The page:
Andreotti, Sandro
(2015)
*Linear Programming and Integer Linear Programming in Bioinformatics.*
PhD thesis, Freie Universität Berlin.

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Official URL: https://refubium.fu-berlin.de/handle/fub188/13001

## Abstract

A wide range of important problems related to bioinformatics and computational biology are optimization problems asking for a solution that minimizes or maximizes a certain objective function. Often, these problems are combinatorial optimization problems that can be formulated as integer linear programs. While for some of these problems polynomial time algorithms are known, for many other problems it is unlikely that such algorithms exist. However, much work has been dedicated to develop algorithms that are capable of solving many interesting integer linear programming problems on real live instances with acceptable memory and running time requirements. These algorithms are implemented in a variety of free or commercial solver software packages. In situations where the performance of general purpose solvers is insufficient, often problem specific integer linear programming techniques can be applied that take advantage of knowledge about the particular structure of the integer linear programming formulation to solve the problem in a much more time- or space-efficient way. In this thesis we present our algorithmic approaches to three relevant bioinformatic problems, each involving certain linear programming and integer linear programming techniques. The first problem is the de novo peptide sequencing problem, which consists in identifying a peptide's sequence solely from its tandem mass spectrum without any additional information stored in genome databases or protein databases. This problem can be formulated as a graph theoretical problem asking for the computation of a longest antisymmetric path in a directed acyclic graph. The particular structure of the associated integer linear programming formulation facilitates the application of a technique called Lagrangian relaxation, which yields an algorithm that outperforms state-of-the-art commercial integer linear programming solvers by orders of magnitude. The second problem is the isoform inference and abundance estimation problem from RNA-Seq data. This problem consists in predicting a set of expressed RNA isoforms, i.e., full length RNA transcripts corresponding to alternative splice variants, together with an estimate of their individual expression levels. We apply a linear programming technique called delayed column generation, which allows us to increase the search space without explicitly enumerating the potentially huge set of candidate isoforms. As a consequence, our approach allows for the identification of isoforms that otherwise could not be recovered due to incomplete read coverage. A central component of our delayed column generation algorithm is an integer linear programming formulation. The third problem is the duplication-loss alignment problem, which asks for a labeled alignment of two genome sequences that implies the minimal number of loss and duplication events in the evolutionary history from an unknown nearest common ancestor. In a labeled alignment, every unaligned gene must be labeled either as a loss or as the product of a duplication event. Once an optimal labeled alignment has been computed, a common ancestor genome with minimal implied evolutionary operations can be derived in a straight forward way. In our approach we identified problem specific cutting planes and developed efficient separation algorithms to obtain a branch and cut algorithm that is several orders of magnitude faster than existing approaches based on integer linear programming.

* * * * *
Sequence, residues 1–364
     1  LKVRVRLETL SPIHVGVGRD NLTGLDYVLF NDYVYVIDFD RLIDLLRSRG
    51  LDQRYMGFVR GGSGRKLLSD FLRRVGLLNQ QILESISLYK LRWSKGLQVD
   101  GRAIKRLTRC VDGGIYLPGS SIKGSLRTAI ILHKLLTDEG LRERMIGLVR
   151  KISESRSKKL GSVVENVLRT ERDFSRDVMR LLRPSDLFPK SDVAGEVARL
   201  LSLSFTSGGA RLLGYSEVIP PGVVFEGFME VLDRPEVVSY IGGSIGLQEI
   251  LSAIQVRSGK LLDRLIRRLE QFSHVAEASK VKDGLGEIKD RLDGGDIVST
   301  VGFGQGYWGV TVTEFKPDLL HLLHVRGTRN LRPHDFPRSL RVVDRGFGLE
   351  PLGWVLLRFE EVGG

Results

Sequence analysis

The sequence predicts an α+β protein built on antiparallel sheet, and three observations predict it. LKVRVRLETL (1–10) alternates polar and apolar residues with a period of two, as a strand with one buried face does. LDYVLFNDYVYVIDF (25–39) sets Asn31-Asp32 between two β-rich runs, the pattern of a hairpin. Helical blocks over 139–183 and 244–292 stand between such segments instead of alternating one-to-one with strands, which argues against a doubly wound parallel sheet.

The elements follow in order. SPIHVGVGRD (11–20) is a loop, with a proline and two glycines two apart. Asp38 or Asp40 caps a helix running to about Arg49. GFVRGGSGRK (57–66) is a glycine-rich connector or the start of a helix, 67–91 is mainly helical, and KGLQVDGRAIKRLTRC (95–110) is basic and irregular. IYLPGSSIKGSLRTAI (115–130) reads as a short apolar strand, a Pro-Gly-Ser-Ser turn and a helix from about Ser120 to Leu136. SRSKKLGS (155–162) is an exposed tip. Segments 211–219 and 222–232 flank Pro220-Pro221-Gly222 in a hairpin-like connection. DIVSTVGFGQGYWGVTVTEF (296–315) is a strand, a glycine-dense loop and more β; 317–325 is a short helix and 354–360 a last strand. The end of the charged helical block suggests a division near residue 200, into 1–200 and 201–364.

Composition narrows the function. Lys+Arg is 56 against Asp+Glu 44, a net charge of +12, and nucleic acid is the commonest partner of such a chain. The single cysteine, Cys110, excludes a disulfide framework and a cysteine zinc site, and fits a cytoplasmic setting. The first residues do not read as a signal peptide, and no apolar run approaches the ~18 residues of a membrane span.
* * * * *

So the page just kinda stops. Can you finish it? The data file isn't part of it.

Item Type: | Thesis (PhD) |
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Subjects: | Mathematical and Computer Sciences > Computer Science |

Divisions: | Department of Mathematics and Computer Science > Institute of Computer Science > Algorithmic Bioinformatics Group |

ID Code: | 2531 |

Deposited By: | Anja Kasseckert |

Deposited On: | 24 Mar 2021 12:15 |

Last Modified: | 24 Mar 2021 12:15 |

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